Nevers, The – Season 1 Part 1

Rating:

“Horror and fascination go arm in arm…”

Main Cast: Laura Donnelly, Ann Skelly

Creator: Joss Whedan

Who’s looking for a little steampunky, girl-powered, confusing sci-fi with some bonus hedonism? Nobody? Yeah, I would have said the same thing. But then I came across, quite by accident, The Nevers. I have changed my mind.

The Nevers, created by Buffy/Avengers helmer Joss Whedan (did you know he also write Toy Story? Learn something new every day) takes place in grimy, oppressive London. The year is 1899 and something is afoot.

It seems that some percentage of the population has gained…special abilities. Mostly women, these citizens have a wide array of abilities, ranging from increased strength to telekinesis. Those not graced with these dubious gifts have dubbed those who are as the Touched. Lovely.

We drop into the story three years after the incident that led to their creation (nope, not telling) and into the life of Amalia True (Laura Donnelly). Mrs. True runs an orphanage for the (mainly girls and women) who are Touched. They are a motley assortment but have the financial backing of a wealthy woman and the formidable protection of Mrs. True.

True knows how to fight when she needs to, and she needs to. A lot. People don’t like the Touched, they fear them because they are different and because they are women and powerful (a recurring theme throughout).

True is accompanied in her tasks by Ms. Penance Adair (Ann Skelly), who has been granted the power of extreme tinkering. Anything mechanical, she’s the woman for the job. She’s also responsible for a great deal of the steampunkiness of the series.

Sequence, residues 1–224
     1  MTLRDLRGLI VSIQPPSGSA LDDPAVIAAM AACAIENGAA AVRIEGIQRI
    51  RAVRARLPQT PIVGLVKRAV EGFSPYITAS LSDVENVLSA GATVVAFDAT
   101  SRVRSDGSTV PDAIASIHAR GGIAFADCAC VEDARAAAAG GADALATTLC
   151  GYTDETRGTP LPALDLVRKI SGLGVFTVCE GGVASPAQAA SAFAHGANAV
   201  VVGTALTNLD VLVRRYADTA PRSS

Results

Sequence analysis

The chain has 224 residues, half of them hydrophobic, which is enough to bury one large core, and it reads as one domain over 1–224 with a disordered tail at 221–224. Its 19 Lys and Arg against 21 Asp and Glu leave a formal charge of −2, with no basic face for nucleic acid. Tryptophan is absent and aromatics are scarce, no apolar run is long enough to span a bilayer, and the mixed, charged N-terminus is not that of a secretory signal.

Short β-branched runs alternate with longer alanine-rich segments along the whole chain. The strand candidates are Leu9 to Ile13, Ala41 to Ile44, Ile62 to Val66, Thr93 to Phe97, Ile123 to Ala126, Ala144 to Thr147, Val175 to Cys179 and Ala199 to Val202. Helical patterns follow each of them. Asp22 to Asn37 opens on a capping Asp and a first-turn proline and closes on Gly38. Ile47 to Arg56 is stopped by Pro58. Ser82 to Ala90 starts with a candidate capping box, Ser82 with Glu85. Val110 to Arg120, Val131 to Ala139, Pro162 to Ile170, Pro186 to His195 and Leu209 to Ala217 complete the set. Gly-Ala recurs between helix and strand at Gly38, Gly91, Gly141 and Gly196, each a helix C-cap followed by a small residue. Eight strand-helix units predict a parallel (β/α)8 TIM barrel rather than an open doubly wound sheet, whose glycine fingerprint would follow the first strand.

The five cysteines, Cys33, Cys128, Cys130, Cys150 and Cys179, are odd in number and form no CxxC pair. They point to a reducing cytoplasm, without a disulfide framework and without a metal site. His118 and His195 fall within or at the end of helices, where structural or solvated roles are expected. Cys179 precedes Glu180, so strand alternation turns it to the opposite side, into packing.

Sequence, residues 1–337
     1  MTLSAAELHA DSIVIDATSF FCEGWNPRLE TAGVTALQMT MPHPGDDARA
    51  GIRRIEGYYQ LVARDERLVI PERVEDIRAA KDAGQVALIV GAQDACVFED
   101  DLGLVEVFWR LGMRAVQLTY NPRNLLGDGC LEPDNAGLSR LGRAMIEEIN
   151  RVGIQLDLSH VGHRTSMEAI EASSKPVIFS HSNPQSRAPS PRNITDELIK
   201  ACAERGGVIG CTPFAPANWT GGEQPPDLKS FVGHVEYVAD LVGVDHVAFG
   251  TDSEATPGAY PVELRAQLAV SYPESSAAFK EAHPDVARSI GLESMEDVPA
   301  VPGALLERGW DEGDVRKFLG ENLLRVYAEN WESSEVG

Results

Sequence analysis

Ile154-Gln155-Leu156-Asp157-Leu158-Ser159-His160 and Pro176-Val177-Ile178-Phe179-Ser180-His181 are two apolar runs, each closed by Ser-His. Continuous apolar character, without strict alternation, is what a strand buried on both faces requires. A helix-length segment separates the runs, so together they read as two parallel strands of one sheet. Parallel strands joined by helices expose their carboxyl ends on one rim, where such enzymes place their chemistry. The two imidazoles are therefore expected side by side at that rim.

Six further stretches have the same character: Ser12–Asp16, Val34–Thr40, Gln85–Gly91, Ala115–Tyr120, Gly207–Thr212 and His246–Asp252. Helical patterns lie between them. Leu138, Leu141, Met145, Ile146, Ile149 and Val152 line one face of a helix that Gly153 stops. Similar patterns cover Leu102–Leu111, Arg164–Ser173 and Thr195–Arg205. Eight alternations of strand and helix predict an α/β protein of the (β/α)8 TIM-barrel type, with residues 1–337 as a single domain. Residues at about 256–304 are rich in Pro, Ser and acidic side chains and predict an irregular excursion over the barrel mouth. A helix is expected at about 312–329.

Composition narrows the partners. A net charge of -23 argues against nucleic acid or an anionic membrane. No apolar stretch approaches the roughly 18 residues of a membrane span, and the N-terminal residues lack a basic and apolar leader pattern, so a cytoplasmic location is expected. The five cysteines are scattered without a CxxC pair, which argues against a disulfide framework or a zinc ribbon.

These first six episodes of The Nevers comprise half of the first season. They serve to introduce us to this world and to the plight of these women. We get a handle on the London power structure and the main players but only a glimpse of the real game.

The mystery at the heart of The Nevers is how and why the Touched came to be. We don’t quite manage an answer to that in these episodes, as a production disruption precluded the airing of the full season. But it’s good fun nonetheless. The episodes focus on the gifts and perils of the Touched, and the mad world around them.

Laura Donnelly leads the way with her sardonic, world-weary portrayal of Amalia True. She is the character we come to know best and she has layers we’ve only begun to peel back.

Ann Skelly is a good foil as Penance. She’s upbeat, more than a little naïve, and helps lift true out of her cynical funk when she needs it. Good supporting performances come in from James Norton as Hugo Swann, aristocrat and main hedonist, and Zackary Momoh as Dr. Horatio Cousens, a rare male member of The Touched.

The Nevers has a lot of questions to answer in the second half of the season. How did this happen? Why? How can The Touched get the rest of the city to back off and let them be? Why is it mostly women? And why those women in particular?

And I’m just getting started. Six episodes of questions demand six episodes of answers. At this point I’m really enjoying The Nevers, and very much hope the next set of episodes lives up to the intriguing world the cast and crew have built. The Nevers is streaming on HBO Max.

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